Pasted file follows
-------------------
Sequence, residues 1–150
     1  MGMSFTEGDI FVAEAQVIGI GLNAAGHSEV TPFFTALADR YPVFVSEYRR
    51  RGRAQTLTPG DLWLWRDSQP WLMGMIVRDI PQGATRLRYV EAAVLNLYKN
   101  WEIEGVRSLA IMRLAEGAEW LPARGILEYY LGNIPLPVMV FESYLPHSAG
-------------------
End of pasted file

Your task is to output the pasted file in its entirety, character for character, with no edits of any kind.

Sequence, residues 1–150
     1  MGMSFTEGDI FVAEAQVIGI GLNAAGHSEV TPFFTALADR YPVFVSEYRR
    51  RGRAQTLTPG DLWLWRDSQP WLMGMIVRDI PQGATRLRYV EAAVLNLYKN
   101  WEIEGVRSLA IMRLAEGAEW LPARGILEYY LGNIPLPVMV FESYLPHSAG